The cloudy olive oil was just what I had been searching for, ever since learning that the fresh press (when it's still cloudy) contains the most health benefits. No worries about the peppery taste. I could handle the healthy punch!


The tender nostalgia continued... the presents too! I pulled out this one next, handmade by Caroline from the corks of Jean-Marc's wine. I quickly hung the treasured souvenir on the wall of the cozy entry, stopping to admire the stylish handiwork of the winemaker-crafter.


I thought about how hard Caroline and Thomas have worked since moving to our former vineyard--and all the improvements they have made in less than five months.

 They've gone through the whirlwind harvest (the pictures hint at the busy and joyful time), they have continued to renovate the farmhouse, to plant a vegetable garden--they have even completed their first bottling!--and they have designed a new and knock-down-delightful label (Do you like it? Be sure to let Caroline and Thomas know your thoughts about it, in the comments box!)


      Caroline and Thomas, toasting to our new adventure, here at Mas des Brun.

 In spite of all the hustle and bustle--including the recent wine bottling (indeed, as I type this, Caroline is finishing up the last of the mise-en-bouteille today!), this busy winemaker took the time to put together a thoughtful package, un colis de soins, for a friend.

                  Caroline, checking the old barrels.

Yes, of course, someone, somewhere, is trying to comfort us without our even knowing. And while I was anxiously pressing the cake tin, gathering the very last crumb, someone, at the same time, in a different place, was busy filling an old wine box with a thoughtful thing or two--for me... and why not for you?  


If you enjoyed this story then it's safe to say that the thoughtful package touched and comforted us all! To comment on today's story, click here. 


French Vocabulary

le mot juste = just the right word
le souci = worry
le gâteau = cake
le colis = package
la boîte = box
la mise-en-bouteille = wine bottling


There's a new vineyard dog at Domaine Rouge-Bleu... and her name is "Mirabel". Meet Caroline and Thomas's kitty.

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Eileen - Charlottesville, VA

Bonjour Kristin,
Nice picture of Caroline and she was so thoughtful to put together a care package for you. I also love the idea of putting together a care package for a homeless person. What a kind idea! I was thinking of putting together one for Tara. Just a few things she likes from home. She is having a wonderful time in Antibes and has been down to the Italian Riviera too!

Eileen - Charlottesville, VA

Hi again,
I forgot to ask if the painting of the bottles was one painted by Jules?


Hi Kristin,

So very thoughtful and touching of course - of Caroline. Bisous to all!


Hi Kristin,
I LOVE the cork grape bunch! How creative and meaningful!



Love the new label for Mistral! How are you lovely people? Miss seeing you. xx cj

Ellen Davies

The label. Is perfect. Sort of van Gogh meets Lautrec meets great graphics. Where can we buy this wine? We live in Uzes in the Gard.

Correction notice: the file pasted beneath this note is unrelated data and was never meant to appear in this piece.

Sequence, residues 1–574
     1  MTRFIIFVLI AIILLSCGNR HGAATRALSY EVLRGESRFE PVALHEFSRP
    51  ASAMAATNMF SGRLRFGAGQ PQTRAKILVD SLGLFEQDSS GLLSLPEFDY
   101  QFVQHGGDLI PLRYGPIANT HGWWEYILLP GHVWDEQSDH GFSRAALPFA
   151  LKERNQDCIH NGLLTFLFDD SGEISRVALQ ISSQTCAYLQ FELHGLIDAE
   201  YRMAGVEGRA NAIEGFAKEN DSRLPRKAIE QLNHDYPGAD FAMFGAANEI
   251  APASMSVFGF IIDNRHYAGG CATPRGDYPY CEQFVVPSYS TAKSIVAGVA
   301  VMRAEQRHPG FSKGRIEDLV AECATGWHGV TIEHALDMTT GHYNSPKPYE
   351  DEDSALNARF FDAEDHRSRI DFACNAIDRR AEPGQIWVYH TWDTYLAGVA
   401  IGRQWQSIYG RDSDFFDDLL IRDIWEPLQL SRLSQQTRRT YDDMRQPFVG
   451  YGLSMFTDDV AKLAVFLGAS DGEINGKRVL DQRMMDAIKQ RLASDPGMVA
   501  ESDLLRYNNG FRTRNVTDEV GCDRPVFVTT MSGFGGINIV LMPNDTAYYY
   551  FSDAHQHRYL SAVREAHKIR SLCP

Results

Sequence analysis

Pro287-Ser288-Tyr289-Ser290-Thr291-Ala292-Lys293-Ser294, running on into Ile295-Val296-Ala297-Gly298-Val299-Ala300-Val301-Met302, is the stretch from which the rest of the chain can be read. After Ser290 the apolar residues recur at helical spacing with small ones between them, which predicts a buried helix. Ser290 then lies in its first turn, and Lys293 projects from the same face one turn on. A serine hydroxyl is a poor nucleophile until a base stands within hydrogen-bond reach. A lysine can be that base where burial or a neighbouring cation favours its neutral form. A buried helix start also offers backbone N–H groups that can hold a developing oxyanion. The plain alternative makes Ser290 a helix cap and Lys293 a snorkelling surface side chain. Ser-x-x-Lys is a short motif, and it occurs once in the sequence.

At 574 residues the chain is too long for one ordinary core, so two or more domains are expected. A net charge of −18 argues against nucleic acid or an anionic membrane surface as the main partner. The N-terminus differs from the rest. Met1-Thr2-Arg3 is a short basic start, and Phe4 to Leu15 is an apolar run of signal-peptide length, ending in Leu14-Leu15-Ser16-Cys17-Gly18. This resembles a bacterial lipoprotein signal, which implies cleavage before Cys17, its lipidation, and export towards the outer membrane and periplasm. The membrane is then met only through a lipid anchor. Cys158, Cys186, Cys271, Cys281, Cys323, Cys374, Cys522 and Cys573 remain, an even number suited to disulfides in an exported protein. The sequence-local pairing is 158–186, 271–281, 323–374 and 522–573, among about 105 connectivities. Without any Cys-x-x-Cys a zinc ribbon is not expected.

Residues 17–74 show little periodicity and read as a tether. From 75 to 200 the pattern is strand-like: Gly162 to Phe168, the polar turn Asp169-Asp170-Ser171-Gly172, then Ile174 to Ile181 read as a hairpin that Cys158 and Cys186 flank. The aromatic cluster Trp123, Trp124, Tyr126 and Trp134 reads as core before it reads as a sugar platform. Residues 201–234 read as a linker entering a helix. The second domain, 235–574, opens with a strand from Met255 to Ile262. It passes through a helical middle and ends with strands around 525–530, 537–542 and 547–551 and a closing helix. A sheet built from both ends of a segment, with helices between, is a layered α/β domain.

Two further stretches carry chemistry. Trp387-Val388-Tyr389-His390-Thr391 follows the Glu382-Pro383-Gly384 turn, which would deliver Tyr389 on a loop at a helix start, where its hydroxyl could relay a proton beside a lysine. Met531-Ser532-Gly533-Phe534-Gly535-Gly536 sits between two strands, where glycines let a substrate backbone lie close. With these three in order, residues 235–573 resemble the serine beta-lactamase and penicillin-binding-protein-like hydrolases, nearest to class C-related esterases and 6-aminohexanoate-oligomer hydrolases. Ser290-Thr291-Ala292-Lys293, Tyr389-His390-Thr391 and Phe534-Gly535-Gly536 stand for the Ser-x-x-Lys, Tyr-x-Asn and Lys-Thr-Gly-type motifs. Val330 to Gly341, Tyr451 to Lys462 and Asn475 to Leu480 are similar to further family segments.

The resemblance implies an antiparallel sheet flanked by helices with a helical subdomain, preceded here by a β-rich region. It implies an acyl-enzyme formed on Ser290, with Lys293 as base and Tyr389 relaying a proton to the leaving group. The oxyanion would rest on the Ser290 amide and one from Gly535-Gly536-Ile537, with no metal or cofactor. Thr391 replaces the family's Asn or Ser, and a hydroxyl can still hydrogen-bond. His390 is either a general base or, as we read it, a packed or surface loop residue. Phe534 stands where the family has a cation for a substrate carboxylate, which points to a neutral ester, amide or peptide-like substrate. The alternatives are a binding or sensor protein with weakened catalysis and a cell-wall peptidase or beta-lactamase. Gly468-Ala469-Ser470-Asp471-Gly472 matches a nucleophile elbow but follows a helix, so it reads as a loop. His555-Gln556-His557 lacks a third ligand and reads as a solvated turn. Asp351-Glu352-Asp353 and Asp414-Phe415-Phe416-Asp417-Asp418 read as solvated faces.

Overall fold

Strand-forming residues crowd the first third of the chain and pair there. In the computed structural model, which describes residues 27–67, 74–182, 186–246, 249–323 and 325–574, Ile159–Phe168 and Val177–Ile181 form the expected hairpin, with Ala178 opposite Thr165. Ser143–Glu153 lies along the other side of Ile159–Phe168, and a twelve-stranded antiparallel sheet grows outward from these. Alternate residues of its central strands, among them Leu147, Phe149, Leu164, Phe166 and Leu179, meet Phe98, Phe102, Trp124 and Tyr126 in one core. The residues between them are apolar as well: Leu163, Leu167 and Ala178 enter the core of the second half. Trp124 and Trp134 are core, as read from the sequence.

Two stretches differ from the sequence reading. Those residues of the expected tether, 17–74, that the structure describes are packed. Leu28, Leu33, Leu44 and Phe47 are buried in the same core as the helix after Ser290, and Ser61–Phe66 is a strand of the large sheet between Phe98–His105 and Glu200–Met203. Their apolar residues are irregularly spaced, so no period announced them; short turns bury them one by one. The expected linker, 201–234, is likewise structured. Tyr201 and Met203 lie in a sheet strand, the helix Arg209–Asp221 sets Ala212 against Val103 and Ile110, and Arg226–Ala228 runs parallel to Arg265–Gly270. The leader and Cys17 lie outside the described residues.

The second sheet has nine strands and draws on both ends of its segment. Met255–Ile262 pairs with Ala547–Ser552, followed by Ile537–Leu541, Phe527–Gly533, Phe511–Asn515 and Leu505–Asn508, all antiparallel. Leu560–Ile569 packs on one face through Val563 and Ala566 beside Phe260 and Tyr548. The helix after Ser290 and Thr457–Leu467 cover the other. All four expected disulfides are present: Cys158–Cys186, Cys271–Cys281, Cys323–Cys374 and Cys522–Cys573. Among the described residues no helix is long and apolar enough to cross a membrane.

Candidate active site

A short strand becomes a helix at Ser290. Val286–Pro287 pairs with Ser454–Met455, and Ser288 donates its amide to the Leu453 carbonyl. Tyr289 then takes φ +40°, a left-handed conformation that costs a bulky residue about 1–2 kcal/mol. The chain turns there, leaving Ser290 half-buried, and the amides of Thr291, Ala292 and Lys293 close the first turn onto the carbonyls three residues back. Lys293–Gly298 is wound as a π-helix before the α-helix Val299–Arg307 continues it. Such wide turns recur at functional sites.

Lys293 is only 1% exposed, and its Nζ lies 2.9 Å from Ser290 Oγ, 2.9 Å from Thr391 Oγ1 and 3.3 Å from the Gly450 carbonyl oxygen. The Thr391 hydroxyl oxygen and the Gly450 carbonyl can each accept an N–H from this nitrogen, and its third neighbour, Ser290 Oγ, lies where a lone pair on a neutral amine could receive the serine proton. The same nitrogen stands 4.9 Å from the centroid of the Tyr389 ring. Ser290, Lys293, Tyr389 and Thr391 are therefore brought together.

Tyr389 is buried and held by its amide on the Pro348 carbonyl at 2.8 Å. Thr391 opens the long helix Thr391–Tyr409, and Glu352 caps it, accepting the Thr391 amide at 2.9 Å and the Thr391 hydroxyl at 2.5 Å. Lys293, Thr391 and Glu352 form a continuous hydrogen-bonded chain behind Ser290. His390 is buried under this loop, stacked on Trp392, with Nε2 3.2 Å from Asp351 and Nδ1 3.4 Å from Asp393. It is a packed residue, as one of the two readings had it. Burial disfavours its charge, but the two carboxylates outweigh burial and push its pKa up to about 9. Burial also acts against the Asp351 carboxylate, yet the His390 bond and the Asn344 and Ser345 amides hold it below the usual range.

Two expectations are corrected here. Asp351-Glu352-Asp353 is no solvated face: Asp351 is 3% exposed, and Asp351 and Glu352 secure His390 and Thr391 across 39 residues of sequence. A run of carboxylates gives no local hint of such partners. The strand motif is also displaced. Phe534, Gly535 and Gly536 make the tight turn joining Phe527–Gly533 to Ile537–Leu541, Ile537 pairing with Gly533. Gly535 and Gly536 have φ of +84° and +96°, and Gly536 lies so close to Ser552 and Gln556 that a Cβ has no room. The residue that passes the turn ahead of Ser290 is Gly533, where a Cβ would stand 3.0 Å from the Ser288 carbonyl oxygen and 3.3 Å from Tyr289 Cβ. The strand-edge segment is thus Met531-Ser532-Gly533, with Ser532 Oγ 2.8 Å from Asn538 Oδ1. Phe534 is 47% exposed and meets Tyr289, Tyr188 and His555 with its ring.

Betty Tuininga

Delightful item Kristin! We never outgrow those pleasant little surprises...especially those which are given with such loving care! Surprises and thoughtfulness have no age limit or expiration date!

I confess as a newbie to this column, I am not familiar with your original label for the vineyard Kristin...

Love the new label. As a graphics person and artist, I found it very eye catching. It has such great visually appeal and a sense of movement that makes one stop and take a second look...the ample white white space is key. Refreshing to see when I am so used to seeing what I consider tasteless advertising these days

Madonna Meagher

my 21 year old son is studying this year in Paris. he asked for me to send him a care package for Christmas. He was missing his home here in Massachusetts. I was not too excited since anything I might send would be expensive to mail, and he might be charged a hefty custom's tax in France. But, I finally found a small box and sent him: a kindle reader, a pair of "base layer" thermal underwear for coldish mid-winter coldness in Paris, his childhood Christmas stocking with a card and some lip balm, and some pictures of home, both in a small album and some on a cd. He finally received the package after Christmas but was very happy and said it "hit the spot". A care package is a good thing. and latest report is that the lightweight thermal base layers are being used. it snowed in Paris and has been damp.

Katie Dyer

I love the new label! I collect santons, and one of my favorites is the vieux berger au mistral. How appropriate that he be on the new label! And, I love the tribute to the previous label with the two silhouettes of the twisted vines.

Jean Marc, when will you be in New York? Will I be able to buy my annual case of Mistral?


Having just sent a birthday care package to our 33 year old son, who still loves opening the surprise box, I was particularly struck with today's entry. It also made me think of the packages my father sent us..He enclosed a bit of everything - from specialty food items to socks! I received his last package several days after he passed away. I still have the box he addressed....